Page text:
Wonderfully Made: Being Pro-Life and Pro-LGBT

One of the phrases from Scripture that comes back to me with some regularity whenever I talk with people who are suffering is one that many of us know well from Psalm 139, “For it was you who formed my inward parts; you knit me together in my mother’s womb. I praise you, for I am fearfully and wonderfully made. Wonderful are your works; that I know very well.  My frame was not hidden from you, when I was being made in secret, intricately woven in the depths of the earth.”

How many of us need these words at various points in our lives?  How many of us need the reminder that we were formed by God before consciousness – that we were loved before our biological parents even knew we were stirring to life?

I have friends who are all over the political and theological map.  They come with a range of experiences, views, and doctrinal interpretations and I value their faith, intellect, and integrity.  I find myself physically ill when those who are more “conservative” are called bigots because they are wrestling with Scripture faithfully in light of social change.  I find myself deeply frustrated when more “liberal” friends are disregarded because their faith is second-guessed as they try to remain active in the Church even as they see it re-enacting sexism, bigotry, or homophobia they long to see left behind.

What I am seeing emerge, particularly in new generations of clergy and believers, are interesting blends of conservatism around some aspects of faith and liberalism around others.  For example, I see theological conservatives active as voices for social change.  I see theological liberals coming to the most traditional of liturgical churches.  I see a combination of pragmatism about the work of evangelism in which ideological differences are set aside for the sake of Kingdom building.  Yet, I also see a zero-sum mindset at times in the Church in which one side sees the need to “win” on a given issue while ensuring the ostracism of the “losing” side.

Yet, in all of this, I see a longing for the Church to be that which gathers people from all over the map (literally and figuratively) and gives them a shared home and hope.

I write this with an eye toward a theological dissonance that has emerged with greater clarity for me over the years.  I find myself returning to my pro-life roots.   I also find my sense of the need for greater welcoming of LGBT folks being strengthened.  Politically, this is a challenging place to be.  Our national political dialogue makes enemies of these positions.  Yet, theologically, the Venn diagram has come into focus for me a bit and it rests, in part, on that promise of Psalm 139.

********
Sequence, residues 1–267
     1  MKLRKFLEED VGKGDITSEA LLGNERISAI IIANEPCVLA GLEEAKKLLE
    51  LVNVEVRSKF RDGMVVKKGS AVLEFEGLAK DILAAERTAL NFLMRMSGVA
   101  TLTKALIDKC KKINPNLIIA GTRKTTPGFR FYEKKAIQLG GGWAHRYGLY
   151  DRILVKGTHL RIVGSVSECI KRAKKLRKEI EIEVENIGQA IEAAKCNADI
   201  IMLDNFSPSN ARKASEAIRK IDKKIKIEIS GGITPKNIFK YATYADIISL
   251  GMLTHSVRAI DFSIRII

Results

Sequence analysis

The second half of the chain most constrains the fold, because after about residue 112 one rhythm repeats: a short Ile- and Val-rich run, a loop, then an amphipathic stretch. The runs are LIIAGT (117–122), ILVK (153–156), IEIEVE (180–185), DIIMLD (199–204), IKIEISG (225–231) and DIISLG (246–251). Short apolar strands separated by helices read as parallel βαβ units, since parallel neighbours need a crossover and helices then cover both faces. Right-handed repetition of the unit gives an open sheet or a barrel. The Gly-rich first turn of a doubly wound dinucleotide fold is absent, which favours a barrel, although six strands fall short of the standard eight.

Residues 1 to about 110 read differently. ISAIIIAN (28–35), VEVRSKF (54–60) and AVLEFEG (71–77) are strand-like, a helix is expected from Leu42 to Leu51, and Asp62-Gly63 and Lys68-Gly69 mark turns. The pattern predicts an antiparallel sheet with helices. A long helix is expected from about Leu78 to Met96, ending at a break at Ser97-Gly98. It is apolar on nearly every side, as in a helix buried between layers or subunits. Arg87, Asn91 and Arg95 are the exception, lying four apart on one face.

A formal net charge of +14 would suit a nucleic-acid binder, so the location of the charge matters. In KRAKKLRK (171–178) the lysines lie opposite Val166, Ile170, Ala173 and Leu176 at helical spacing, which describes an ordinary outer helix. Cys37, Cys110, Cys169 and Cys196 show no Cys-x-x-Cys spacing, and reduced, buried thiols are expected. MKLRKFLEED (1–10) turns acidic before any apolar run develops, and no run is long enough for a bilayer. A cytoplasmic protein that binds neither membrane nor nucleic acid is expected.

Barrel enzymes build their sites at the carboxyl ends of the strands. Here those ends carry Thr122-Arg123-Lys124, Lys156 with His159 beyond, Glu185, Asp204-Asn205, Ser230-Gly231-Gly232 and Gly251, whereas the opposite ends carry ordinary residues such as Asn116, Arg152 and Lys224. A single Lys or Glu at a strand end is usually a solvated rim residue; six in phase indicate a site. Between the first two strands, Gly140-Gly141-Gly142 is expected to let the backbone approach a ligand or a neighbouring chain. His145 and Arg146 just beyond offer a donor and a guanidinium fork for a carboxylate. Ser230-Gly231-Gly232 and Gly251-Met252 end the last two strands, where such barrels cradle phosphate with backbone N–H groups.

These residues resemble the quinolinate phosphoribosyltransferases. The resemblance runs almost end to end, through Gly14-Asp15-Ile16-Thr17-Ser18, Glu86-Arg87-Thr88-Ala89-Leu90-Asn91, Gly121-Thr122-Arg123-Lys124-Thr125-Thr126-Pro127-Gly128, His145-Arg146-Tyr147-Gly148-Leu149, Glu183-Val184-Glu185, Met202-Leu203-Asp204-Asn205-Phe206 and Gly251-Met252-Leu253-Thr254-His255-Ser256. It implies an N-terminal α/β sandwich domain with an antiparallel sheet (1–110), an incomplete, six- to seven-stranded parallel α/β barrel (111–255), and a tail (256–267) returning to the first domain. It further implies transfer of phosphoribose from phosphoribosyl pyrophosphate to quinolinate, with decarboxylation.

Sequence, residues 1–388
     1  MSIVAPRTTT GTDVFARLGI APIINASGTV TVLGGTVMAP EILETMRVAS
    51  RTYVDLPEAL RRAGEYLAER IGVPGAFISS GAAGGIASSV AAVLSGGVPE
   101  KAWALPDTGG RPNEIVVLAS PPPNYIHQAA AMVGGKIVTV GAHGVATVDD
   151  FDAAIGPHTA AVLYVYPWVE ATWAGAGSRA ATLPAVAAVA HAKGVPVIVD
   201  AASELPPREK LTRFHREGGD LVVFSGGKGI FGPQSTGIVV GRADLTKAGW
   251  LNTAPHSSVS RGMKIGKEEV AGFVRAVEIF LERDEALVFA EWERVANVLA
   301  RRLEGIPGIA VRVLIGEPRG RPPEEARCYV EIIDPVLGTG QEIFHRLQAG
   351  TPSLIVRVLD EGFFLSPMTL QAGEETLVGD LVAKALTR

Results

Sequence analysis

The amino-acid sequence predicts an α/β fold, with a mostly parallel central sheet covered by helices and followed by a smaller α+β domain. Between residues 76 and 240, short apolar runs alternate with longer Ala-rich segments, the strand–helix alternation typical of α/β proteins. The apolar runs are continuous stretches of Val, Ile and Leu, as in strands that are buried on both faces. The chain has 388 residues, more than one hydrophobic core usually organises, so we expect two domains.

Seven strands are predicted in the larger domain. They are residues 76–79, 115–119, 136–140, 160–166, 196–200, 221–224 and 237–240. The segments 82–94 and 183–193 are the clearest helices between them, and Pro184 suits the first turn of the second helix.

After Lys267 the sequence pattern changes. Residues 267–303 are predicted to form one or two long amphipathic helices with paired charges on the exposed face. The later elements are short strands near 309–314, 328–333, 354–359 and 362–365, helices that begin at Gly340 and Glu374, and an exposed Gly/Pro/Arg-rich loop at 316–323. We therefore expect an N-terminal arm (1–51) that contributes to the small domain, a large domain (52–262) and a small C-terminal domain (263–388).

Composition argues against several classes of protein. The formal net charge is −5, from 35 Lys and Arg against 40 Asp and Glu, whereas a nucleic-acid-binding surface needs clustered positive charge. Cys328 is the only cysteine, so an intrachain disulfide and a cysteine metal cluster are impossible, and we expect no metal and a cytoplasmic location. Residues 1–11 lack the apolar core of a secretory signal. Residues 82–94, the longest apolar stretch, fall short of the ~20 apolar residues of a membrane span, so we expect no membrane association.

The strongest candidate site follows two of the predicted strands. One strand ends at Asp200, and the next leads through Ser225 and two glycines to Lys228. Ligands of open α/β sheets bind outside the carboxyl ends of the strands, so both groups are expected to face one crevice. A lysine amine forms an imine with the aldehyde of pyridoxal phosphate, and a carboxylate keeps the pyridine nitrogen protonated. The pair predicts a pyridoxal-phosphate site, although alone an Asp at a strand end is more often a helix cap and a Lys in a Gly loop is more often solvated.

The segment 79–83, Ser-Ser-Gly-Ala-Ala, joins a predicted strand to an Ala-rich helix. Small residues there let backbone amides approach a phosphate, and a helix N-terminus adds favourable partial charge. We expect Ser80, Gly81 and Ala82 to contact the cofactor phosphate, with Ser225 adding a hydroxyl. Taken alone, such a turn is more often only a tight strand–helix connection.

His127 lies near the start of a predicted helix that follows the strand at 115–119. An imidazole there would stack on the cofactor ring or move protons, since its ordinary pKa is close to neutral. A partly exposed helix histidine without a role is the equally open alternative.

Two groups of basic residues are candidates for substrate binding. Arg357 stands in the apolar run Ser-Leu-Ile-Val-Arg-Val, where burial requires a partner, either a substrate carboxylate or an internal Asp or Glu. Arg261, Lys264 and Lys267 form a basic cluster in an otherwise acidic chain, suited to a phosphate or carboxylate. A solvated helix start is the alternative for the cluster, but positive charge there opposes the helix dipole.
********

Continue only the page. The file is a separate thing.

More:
life“You knit me together in my mother’s womb.” Reading this one line of Scripture (and it is difficult to read any one line in isolation of course) I find myself challenged to think more deeply about what it means to be pro-life.  A God who knows us and inspires our creation and who guards us in the womb must be a God who longs for our protection when we are most vulnerable.  Yet, that vulnerability does not end when we are born.  Indeed, to be pro-life must mean that life is absolutely precious and must be tended and cared for in all the ways a civilized society can manage.  This must mean robust care for mothers and children before and long after birth.

The vulnerability we all share as human beings is particularly acute among those who are LGBT.  They find their worth questioned and their dignity undermined in ways that I never will.  The God who knows us in the womb must, I assume, know wherever we may find ourselves on the gender and sexuality spectrum.  The many people in the congregations I have served who are LGBT are not people who chose “disordered affections” at some decisive moment in their lives or were recruited by wizened gays and lesbians.  They were born this way and long to live as God has called them into being.  They were known in their mothers’ wombs.

The God of creation – the God of new birth – imparts an inherent and inviolable dignity as we are made of the very likeness of God.  The conferral of God’s love cannot, I believe, only happen at the second of physical birth.  The intricacy of God’s working in and through us begins with the Word – in the beginning.  Our longed-for birth comes out of a creation that is, like Christ himself, held in the heart of God from the beginning of time.  We are in the beginning – we are with God – at rest in the fullness of Christ’s own being as heirs of an eternal promise that stretches before our consciousness.

I believe that people make poor decisions across their lives.  Some will drink.  Some will smoke.  Some will hurt others.  Some will try and fail.  Some will never try.  We will sin, we will fail God, and God delights in our salvation.  There are choices we all make that God counts as part of our growth – part of the process of turning toward God in hope and for healing.